A Vancouver man fed up with British Columbia's auto insurance system has taken the driver's seat in a move to change the way insurance is provided in the province.
"I was surprised by the simplicity of it," he said. "I was stunned by the fact that I'd never seen anything like it here in Western Canada and couldn't quite conceive of why it had not been taken up by somebody."
The pay-as-you-drive system charges insurance holders based on distance driven each year. According to Victoria-based researcher Todd Litman's 2008 report, the system allows motorists to cut back on costs when they reduce their mileage.
Other benefits include fewer road accidents, reduced traffic congestion, and reduced energy consumption and pollution emissions, the report stated.
For Caprani -- who clocked less than 9,000 kilometres on his Smart Car in 2009 -- the concept of rewarding those who drive less with per-kilometre-based charges is an appealing one.
"Last year, I paid about $1,000 for insurance," he said. "It's frustrating."
'A vested interest'
Determined to spread the word about the mileage-based insurance system, Caprani produced a short film (which you can watch further down in this story) while studying at a Vancouver-based film school, Pull Focus. Caprani aimed to raise awareness and pressure ICBC -- the province's sole, government-owned auto insurance provider -- to adopt a pilot program.
"I'm cynical enough to know that sometimes the best ideas don't get taken up and that monopolies don't have a vested interest in trying to bring all the best ideas to the table.
For Alan Durning, founder of non-profit research and communications centre Sightline Institute, communities could greatly benefit from the social, economic and environmental benefits offered by mileage-based auto insurance programs.
"It's a way that (insurance companies) can help their customers save money and, as a bonus, also reduce climate-changing pollution," the Seattle-based researcher said.
ICBC unmoved, so far
Capriani's petition web page states "We need to show ICBC that British Columbians want a fairer form of auto insurance."
But ICBC said it had no existing plans to pursue the pay-as-you-drive option.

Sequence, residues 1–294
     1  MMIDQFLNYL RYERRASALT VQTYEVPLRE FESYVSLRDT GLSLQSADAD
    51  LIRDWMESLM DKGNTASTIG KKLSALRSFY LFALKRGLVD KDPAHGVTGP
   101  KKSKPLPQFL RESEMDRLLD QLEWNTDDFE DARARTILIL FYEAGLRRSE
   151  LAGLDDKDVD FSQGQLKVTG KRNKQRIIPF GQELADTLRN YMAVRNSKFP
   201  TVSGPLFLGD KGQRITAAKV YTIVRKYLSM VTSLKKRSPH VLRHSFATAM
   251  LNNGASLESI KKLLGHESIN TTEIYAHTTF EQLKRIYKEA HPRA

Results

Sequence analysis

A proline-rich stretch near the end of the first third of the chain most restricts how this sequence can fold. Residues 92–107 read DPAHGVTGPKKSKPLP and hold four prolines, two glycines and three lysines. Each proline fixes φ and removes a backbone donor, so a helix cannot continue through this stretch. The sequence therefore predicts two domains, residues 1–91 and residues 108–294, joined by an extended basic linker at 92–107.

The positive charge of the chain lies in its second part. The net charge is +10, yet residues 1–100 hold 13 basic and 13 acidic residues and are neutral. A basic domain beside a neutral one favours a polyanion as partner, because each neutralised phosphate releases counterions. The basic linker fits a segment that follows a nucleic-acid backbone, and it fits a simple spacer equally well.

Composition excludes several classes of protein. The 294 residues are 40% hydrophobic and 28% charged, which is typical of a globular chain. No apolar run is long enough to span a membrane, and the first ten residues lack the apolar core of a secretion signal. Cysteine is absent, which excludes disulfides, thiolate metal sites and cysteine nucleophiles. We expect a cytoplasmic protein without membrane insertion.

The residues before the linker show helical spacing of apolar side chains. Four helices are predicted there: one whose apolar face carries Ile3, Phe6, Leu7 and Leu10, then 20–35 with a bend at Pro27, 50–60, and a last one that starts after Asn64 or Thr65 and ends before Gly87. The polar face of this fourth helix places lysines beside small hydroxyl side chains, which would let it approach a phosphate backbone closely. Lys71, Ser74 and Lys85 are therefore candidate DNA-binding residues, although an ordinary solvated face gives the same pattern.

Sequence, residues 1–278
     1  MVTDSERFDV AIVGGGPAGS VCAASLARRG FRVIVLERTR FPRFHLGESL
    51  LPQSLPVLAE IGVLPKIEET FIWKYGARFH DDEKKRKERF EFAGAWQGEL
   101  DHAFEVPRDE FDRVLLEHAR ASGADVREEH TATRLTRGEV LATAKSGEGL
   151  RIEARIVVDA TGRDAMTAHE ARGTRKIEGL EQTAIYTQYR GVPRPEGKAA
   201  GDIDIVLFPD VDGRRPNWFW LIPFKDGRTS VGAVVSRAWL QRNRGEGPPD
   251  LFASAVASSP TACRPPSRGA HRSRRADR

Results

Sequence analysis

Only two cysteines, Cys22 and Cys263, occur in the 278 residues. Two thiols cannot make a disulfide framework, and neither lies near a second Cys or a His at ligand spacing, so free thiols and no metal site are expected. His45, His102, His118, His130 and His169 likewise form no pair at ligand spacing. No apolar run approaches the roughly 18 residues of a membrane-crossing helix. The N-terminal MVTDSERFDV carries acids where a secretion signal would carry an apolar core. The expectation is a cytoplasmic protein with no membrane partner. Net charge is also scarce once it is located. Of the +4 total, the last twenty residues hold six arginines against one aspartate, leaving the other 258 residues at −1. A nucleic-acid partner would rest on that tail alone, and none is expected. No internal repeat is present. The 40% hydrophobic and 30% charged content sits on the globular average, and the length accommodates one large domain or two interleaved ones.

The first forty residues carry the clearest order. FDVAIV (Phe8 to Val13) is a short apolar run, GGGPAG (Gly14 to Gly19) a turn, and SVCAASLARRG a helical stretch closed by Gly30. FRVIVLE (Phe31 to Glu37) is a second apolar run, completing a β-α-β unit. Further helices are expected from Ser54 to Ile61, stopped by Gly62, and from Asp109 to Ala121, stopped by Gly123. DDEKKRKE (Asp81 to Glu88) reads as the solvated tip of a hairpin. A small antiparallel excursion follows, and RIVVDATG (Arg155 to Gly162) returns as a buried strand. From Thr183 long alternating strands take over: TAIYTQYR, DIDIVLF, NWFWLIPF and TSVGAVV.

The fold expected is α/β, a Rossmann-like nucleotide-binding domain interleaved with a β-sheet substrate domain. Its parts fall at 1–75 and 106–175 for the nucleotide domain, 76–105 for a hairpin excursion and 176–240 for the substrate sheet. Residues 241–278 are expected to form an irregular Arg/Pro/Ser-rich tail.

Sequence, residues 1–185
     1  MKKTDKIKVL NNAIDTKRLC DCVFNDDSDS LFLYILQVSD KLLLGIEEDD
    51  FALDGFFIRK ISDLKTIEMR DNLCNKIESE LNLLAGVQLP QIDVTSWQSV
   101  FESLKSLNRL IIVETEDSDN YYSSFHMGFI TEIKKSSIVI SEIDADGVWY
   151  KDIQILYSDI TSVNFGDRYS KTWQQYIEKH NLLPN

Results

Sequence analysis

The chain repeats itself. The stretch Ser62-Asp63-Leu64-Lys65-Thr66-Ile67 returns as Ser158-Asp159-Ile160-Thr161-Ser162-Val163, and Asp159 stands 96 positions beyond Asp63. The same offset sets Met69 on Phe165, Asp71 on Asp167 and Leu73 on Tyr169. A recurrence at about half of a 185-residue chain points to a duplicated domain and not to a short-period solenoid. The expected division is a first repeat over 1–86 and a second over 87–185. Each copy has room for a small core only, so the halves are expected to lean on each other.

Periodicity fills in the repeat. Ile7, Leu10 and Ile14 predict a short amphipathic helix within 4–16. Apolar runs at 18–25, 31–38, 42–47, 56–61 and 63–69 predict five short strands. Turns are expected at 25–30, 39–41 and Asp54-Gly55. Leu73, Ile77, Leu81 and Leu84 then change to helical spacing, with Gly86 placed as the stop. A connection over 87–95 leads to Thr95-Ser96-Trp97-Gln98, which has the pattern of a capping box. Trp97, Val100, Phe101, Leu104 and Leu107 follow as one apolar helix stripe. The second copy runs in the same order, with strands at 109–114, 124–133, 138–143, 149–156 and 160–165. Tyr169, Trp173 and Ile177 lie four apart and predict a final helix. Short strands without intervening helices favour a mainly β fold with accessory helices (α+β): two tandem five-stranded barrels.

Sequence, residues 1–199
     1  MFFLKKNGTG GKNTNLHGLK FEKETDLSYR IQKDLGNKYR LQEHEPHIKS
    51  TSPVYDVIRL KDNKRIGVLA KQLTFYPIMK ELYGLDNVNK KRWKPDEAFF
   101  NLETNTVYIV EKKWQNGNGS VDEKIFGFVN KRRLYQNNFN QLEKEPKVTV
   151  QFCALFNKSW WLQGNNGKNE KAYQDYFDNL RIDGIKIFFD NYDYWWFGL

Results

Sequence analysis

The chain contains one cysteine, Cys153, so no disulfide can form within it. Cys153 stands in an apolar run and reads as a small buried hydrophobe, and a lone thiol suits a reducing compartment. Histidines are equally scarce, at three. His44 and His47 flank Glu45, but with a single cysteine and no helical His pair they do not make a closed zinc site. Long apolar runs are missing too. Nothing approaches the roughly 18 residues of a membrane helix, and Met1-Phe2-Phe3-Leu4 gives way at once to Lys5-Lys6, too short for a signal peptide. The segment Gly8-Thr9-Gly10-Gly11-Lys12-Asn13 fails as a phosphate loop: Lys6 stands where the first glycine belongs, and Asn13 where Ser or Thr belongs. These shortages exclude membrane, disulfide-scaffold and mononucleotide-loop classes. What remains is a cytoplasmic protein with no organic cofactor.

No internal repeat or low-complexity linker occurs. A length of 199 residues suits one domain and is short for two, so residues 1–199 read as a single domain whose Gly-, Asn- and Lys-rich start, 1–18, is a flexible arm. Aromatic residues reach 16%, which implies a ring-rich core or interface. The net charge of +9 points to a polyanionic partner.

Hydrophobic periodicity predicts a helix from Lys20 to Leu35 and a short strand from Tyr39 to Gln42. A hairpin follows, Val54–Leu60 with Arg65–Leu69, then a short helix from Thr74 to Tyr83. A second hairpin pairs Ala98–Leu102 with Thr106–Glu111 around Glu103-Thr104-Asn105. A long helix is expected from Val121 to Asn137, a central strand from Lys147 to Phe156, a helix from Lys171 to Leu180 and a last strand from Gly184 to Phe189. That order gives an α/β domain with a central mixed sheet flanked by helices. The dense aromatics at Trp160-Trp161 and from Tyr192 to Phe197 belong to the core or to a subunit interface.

"We would consider it in future if our reviews/studies indicated it made sense for our customers," ICBC's spokesperson Mark Jan Vrem wrote The Tyee in an email. "Beyond that, there is not much we can say at this point."
Several global auto insurance companies have begun providing distance-based opportunities to motorists including Progressive Insurance in the United States, Aviva in Ontario, Norwich-Union in the United Kingdom, Aioi Insurance in Japan and Polis Direct in the Netherlands. But B.C.'s auto insurance company has kept its distance from such endeavours.
'Ought to be a no-brainer'
For Alan Durning, British Columbia's hesitance to adopt the strategy flies in the face of the province's commitment to sustainable energy use, emissions reductions and cost-saving.
"This ought to be a no-brainer for ICBC," he said, "They're supposed to pursue the public interest and pay-as-you-drive auto insurance is more fair for drivers and more socially responsible as well."
In the mean time, Mount Pleasant resident Cliff Caprani hopes to gather 15,000 signatures for his petition that seeks to pressure ICBC to develop a pilot distance-based insurance system.
"When I talked to ICBC ... their position was that there's no real interest in this," Caprani said. "But my sense was that I don't believe that's true. There is interest in the concept and as far as I'm concerned, it's about getting the word out there."
You can watch Caprani's film here: